Palm Patenting Auto Call Filtering, Folding Phones, Data Signal Display

USPTO LogoPatent filings aren't always proof positive of upcoming features. Companies will sometimes file for patents on ideas that may never see the light of day, but are cool enough to warrant protecting (and hoarding, in case of potential thermonuclear patent war with rogue fruit companies). Blog Patentseed has taken note of three of Palm's filings this last week (although the filings themselves are up to five years old).

First - and most likely to appear in webOS smartphones such as the Pre - is application 11/863,174 for "Priority-Based Phone Call Filtering".

From the abstract:

Palm Filtering Patent

"A mobile phone filters phone calls based on priority. The mobile phone determines a call priority of an incoming phone call based on the caller's telephone number. The mobile phone also determines a threshold priority for the current time period based on a priority schedule. The mobile phone compares the call priority with the threshold priority to determine whether to block the incoming call. If the mobile phone blocks the incoming phone call, it may transmit a message to the caller suggesting a time for the caller to make the phone call again."

In other words: you decide who can call you and when. It's an outstandingly useful feature to have in your phone - as we've previously noted in our review of Call Block for the Treo, it's like having your own personal secretary to screen your calls. Will it make it onto the Pre?

Next, in a filing sure to get PDA tragics all a-flutter, we have 12/266,041: "Compact Palmtop Computer System and Wireless Telephone with Foldable Dual-Sided Display". Abstract:

"The present invention is a compact personal digital assistant (PDA) and cellular telephone with foldable dual-sided display. By utilizing flexible display technology, both a PDA and a cellular telephone are incorporated into one device. In a closed state, in one embodiment, the present invention corresponds to the form used for typical cellular telephone use (e.g., candy bar size). In an open state, in one embodiment, the present invention corresponds to the form used for typical PDA use by providing an enlarged viewing area. The present invention provides the benefit of two distinct devices in one device by allowing for common operations and functionality without compromising the respective form factor of either device."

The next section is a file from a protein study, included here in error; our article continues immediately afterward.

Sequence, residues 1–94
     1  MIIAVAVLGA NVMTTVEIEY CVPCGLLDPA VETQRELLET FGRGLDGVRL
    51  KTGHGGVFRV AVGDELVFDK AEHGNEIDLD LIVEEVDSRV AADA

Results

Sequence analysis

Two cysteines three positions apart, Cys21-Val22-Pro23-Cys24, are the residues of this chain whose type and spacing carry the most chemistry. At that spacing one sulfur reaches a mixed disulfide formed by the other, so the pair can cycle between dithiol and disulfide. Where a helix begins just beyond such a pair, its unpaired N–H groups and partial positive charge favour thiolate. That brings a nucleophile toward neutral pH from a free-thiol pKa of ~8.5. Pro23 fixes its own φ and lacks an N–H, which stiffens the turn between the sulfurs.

Palm Patent Folding PDAAs Patentseed notes, the parent patent for this concept was filed in 2004. Either Palm have been working on the idea for five years, or flexible display technology hasn't quite gotten to the point where this is feasible. We're betting on the latter - and hoping to God that any actual device that grows out of this concept is a lot more attractive than the filed sketch suggests:

Last and least, we have 11/932,577: "Method and Apparatus to Display Signal Strength". Essentially, the idea is that when you have seperate signals for voice and data, both can be indicated by a single display. Since this was filed in 2007 and what we've seen of the Pre shows it with a standard signal strength meter, we can guess it's not going to rear its head anytime soon.

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It's not clear how 'call filtering' can be patented

SeldomVisitor @ 5/14/2009 9:51:02 AM # Q
Filtering calls based off of ANY call feature seems...already patented.

If I get a call from Dear Ol' Ma or I get a call from Known Spammer X and I filter the correct one off to limbo then this is a capability that has existed as long as Caller ID.

Or give the call a different ringtone.

Or forward it to a different voicemail message.

Or forward it to another number.

Or whatever.

RE: It's not clear how 'call filtering' can be patented
vetdoctor @ 5/14/2009 10:50:30 AM # Q
I think the concept would be to have a "priority code" in your phone and the phone would filter your calls based on the code. How this would be different than any of the current phone filtering programs is unclear but that's how patent lawyers buy their houseboats :)

In short, I had always believed that the world involved magic: now I thought that perhaps it involved a magician.
- Chesterton

RE: It's not clear how 'call filtering' can be patented
SeldomVisitor @ 5/14/2009 11:23:07 AM # Q
I would think the only thing patentable - and I believe such a patent would have expired by now if anyone could get it to stick - is something like:

>>> lookup_object_ptr(incoming_number) -> filter_function();

RE: It's not clear how 'call filtering' can be patented
jca666us @ 5/14/2009 4:51:38 PM # Q
Agreed - this call filtering patent is laughable. Maybe Palm should patent the color black - they'd have a better chance.
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